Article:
Vanessa Bryant has filed a lawsuit against the Los Angeles County Sheriff, Alex Villanueva, and his department, claiming law enforcement released unauthorized photos from the helicopter crash that killed her husband, Kobe Bryant, their 13-year-old daughter, Gianna Bryant, and several others in January 2020.
After the tragedy, photos of the Lakers icon and his daughter were allegedly leaked and shared online.
According to the lawsuit, obtained by E! News, Vanessa learned about her husband and daughter's death through a "Kobe Inc. employee" and messages she received on Instagram. Vanessa claims she had not been contacted by authorities about the helicopter crash, which she states in the filing, left her feeling "confused and distraught."
The lawsuit also states, "No fewer than eight sheriff's deputies at the crash site, pulled out their personal cell phones and snapped photos of the dead children, parents and coaches. The deputies took these photos for their own personal gratification."
Moreover, Vanessa also claims law enforcement not involved with the case shared photos of the crash "outside of the department."
Per the lawsuit, "In the week following the accident, a deputy trainee showed off photos of the victims' remains at the Baja California Bar & Grill in Norwalk, Calif.—nearly 50 miles from the crash." Shortly after, a witness filed an online complaint, which alerted authorities of the incident.
Vanessa also claims Sheriff Villanueva didn't launch an investigation regarding the leaked photos, and instead, he allegedly asked the deputies to "delete the photos" and explained, "they would not face any discipline" if they did just that.
According to the lawsuit, Villanueva did not tell the victims' families of law enforcement's "misconduct" or the "existence of the photos." Vanessa claims she learned of the leaked images only after seeing it all over the media.
While it's noted that Villanueva reassured Vanessa photographers wouldn't take photos at the crash, he allegedly didn't ensure that his own department wouldn't.
Vanessa, according to the lawsuit, "feels ill at the thought of strangers gawking at images of her deceased husband and child, and she lives in fear that she or her children will one day confront horrific images of their loved ones online."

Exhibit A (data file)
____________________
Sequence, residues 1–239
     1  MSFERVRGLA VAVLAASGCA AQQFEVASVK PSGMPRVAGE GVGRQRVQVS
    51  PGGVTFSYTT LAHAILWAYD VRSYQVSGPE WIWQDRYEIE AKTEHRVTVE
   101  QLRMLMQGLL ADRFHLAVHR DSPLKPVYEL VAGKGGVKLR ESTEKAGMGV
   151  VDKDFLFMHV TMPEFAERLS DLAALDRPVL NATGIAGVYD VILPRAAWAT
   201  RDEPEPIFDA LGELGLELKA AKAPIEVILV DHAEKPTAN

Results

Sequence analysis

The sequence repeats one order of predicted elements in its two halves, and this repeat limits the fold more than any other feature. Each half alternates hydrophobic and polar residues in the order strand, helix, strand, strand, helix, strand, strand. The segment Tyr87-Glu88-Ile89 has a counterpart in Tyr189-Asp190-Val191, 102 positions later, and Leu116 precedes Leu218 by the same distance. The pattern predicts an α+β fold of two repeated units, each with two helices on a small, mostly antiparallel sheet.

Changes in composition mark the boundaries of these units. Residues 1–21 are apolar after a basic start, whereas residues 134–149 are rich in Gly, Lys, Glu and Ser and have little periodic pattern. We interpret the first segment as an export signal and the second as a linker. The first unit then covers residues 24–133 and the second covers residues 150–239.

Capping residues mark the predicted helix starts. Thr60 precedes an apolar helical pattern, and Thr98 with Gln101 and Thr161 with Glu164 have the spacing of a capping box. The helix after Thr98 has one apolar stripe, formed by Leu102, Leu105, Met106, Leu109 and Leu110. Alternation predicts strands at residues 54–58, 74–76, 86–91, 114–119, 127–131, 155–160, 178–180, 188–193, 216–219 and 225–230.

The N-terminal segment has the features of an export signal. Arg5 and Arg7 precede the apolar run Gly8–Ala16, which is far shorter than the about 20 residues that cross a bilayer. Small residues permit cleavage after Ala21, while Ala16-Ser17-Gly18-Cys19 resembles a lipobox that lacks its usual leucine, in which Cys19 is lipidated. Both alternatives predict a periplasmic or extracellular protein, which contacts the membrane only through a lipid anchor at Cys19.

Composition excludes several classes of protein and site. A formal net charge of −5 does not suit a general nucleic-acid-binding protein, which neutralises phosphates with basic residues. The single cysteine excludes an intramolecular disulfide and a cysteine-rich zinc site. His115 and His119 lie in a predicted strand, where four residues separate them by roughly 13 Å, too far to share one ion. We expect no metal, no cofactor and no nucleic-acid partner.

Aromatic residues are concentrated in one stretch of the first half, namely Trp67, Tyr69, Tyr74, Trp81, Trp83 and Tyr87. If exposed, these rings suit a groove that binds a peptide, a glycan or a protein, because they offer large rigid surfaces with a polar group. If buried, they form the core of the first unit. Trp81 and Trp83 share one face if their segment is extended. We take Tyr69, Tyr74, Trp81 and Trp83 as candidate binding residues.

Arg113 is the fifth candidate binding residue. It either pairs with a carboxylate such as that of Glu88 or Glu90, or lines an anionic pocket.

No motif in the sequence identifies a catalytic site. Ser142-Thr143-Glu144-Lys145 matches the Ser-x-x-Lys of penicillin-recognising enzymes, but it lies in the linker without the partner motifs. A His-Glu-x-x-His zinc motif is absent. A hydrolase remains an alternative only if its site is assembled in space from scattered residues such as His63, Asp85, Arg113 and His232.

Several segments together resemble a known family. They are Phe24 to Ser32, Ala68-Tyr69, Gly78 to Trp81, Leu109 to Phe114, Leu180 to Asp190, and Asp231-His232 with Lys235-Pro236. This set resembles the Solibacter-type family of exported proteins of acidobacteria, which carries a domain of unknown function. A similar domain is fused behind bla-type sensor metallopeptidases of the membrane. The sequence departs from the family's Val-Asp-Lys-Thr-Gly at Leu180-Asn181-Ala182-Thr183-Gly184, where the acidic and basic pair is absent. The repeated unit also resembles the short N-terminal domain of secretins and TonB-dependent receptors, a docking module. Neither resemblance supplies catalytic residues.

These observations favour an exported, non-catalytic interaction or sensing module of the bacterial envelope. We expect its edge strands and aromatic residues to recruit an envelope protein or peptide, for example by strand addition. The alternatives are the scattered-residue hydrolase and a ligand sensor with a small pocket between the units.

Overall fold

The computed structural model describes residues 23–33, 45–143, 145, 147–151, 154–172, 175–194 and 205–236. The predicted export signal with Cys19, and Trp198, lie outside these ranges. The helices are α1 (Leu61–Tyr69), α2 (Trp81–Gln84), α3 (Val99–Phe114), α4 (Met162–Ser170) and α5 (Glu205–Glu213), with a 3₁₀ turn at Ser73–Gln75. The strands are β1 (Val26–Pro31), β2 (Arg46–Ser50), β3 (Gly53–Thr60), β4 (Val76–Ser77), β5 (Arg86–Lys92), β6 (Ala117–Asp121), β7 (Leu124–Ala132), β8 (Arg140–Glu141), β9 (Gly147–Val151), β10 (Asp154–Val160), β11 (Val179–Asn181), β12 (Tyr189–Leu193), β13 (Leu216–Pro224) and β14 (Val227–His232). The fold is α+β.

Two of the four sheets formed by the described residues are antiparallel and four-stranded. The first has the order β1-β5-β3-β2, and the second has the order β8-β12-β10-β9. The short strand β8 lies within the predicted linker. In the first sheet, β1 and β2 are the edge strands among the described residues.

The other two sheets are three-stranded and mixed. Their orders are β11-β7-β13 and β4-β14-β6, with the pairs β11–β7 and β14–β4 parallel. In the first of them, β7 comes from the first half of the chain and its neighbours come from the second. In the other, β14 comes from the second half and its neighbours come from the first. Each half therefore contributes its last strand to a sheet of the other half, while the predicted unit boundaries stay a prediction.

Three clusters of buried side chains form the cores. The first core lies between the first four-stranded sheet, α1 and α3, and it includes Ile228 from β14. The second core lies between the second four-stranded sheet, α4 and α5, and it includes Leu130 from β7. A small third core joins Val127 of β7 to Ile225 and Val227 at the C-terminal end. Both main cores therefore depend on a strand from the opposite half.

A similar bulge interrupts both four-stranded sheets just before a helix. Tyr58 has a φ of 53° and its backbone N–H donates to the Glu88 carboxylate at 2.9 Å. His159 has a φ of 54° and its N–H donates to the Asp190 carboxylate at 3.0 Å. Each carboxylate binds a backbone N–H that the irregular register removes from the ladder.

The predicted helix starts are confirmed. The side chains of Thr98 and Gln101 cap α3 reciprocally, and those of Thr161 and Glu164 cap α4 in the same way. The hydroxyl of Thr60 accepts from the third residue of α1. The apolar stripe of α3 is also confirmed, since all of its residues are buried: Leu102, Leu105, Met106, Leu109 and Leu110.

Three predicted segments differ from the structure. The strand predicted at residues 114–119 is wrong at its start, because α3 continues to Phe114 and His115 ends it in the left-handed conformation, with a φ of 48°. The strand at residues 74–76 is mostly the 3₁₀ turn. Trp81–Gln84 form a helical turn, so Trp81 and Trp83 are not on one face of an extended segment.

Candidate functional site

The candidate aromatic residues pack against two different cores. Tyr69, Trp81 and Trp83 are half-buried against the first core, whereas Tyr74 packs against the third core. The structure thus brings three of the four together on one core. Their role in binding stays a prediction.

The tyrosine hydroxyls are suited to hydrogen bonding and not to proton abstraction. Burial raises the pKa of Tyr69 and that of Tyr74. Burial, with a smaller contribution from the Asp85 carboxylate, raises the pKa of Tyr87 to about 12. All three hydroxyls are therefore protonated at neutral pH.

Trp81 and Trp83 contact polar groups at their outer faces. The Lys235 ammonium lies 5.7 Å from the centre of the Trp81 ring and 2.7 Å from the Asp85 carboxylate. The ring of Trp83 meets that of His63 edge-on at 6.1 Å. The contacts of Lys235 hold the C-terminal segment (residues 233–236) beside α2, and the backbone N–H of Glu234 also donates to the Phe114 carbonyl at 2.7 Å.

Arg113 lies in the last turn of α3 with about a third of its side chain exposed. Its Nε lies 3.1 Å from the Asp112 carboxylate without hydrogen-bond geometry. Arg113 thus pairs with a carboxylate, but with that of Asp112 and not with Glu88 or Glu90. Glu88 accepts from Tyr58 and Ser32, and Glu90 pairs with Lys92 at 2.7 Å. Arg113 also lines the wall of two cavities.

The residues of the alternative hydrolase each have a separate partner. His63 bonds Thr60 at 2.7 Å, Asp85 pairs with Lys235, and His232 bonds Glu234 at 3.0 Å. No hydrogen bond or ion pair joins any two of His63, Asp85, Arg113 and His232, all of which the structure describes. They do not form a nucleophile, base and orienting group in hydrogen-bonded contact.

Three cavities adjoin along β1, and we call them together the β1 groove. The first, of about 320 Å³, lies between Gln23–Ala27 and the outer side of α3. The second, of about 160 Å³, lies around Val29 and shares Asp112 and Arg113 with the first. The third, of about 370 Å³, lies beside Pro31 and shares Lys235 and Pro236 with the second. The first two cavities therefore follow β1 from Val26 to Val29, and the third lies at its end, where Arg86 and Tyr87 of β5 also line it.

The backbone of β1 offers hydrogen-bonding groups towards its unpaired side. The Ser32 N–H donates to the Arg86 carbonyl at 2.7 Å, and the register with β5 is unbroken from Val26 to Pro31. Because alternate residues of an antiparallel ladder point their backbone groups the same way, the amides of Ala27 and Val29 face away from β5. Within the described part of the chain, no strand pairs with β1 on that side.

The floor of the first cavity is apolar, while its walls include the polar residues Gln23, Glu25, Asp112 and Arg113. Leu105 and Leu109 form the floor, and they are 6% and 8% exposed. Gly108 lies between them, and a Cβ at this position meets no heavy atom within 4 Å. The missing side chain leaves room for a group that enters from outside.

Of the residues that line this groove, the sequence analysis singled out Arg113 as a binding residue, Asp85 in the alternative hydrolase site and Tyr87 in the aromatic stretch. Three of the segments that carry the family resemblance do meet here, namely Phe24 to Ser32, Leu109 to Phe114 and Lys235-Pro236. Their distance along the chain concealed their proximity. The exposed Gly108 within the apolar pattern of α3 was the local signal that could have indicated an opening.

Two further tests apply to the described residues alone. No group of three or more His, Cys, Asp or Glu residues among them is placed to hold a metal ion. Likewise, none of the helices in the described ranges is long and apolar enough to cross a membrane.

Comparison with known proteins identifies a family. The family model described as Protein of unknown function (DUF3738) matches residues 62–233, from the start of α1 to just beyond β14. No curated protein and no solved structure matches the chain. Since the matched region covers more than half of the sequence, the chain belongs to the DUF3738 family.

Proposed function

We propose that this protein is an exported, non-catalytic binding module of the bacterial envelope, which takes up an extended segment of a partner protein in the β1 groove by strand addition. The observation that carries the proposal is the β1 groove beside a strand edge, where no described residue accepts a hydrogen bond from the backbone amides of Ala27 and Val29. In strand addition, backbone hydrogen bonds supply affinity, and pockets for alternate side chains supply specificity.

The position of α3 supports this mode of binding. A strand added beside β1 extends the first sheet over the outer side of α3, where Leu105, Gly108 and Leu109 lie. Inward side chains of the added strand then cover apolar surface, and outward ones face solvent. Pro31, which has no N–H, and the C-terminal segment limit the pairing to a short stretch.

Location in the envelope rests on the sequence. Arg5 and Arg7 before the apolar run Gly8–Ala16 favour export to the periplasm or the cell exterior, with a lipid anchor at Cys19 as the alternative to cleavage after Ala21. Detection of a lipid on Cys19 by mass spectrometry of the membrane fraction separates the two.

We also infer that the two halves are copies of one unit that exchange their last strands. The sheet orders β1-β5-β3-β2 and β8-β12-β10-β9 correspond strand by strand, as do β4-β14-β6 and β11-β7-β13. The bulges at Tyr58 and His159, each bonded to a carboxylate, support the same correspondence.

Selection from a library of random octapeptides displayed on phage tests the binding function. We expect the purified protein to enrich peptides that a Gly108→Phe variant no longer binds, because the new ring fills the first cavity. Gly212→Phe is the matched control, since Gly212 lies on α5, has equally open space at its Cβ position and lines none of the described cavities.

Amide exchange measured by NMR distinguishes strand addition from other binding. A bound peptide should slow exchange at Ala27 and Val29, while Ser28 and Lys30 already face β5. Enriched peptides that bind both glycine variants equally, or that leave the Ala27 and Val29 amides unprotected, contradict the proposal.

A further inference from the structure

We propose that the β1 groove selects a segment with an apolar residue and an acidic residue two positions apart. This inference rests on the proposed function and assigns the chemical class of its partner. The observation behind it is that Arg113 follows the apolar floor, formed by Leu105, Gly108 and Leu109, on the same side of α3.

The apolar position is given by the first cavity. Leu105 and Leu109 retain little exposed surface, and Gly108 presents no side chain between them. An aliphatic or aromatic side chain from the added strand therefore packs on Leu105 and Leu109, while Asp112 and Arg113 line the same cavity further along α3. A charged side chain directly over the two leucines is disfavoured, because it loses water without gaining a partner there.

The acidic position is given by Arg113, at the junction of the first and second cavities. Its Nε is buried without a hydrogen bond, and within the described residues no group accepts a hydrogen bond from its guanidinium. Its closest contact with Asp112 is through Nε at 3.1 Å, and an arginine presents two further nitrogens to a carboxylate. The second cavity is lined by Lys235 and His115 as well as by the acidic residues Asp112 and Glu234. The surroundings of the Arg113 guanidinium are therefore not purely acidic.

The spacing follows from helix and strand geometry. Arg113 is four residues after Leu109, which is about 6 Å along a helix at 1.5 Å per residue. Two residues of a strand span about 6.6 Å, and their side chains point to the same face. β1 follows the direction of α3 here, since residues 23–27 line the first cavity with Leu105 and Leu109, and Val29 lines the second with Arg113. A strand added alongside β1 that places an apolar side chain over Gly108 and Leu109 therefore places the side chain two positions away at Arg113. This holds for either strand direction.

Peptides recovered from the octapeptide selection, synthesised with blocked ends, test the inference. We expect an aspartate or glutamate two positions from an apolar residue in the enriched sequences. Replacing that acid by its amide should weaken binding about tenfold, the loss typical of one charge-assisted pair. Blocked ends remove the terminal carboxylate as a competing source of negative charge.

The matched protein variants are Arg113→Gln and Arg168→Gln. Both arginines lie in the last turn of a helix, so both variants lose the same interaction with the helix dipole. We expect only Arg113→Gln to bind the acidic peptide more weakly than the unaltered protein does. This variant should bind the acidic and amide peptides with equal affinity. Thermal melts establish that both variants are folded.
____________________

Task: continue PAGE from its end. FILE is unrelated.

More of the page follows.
The lawsuit seeks unspecified damages, including punitive damages.
In regards to the lawsuit, the LASD released a statement on Tuesday, Sept. 22. "Shortly following this tragic crash, Sheriff Villanueva sponsored legislation which now makes it a crime for public safety personnel to take or share non-official pictures of this nature," the statement read. "As a result of the swift actions we took under extraordinary circumstances, no pictures made it into the public arena. We continue to offer our heartfelt sympathies for the victims and their families."
In May, Vanessa took the first step in initiating the proceedings over what she said were the unauthorized photos of her NBA star husband and their daughter. According to the filing at the time, she was seeking damages for emotional distress and mental anguish that came after L.A. County Sheriff's Department deputies took images of the victims and shared them.
"This [filing] solely is about enforcing accountability, protecting the victims and making sure no one ever has to deal with this conduct in the future," a Bryant family spokesperson told People. "When a family suffers the loss of loved ones, they have the right to expect that they will be treated with dignity and respect."
"The Deputies in this case betrayed that sacred trust," the statement continued. "This claim is intended to hold the Sheriff's Department accountable and to prevent future misconduct."
In March, Villanueva appeared on NBC's Today and discussed the deputy trainee, who allegedly shared photos from the crash at a bar. He confirmed they were conducting an investigation over the incident.
"To be betrayed by one of our own is disheartening," Sheriff Villanueva said at the time.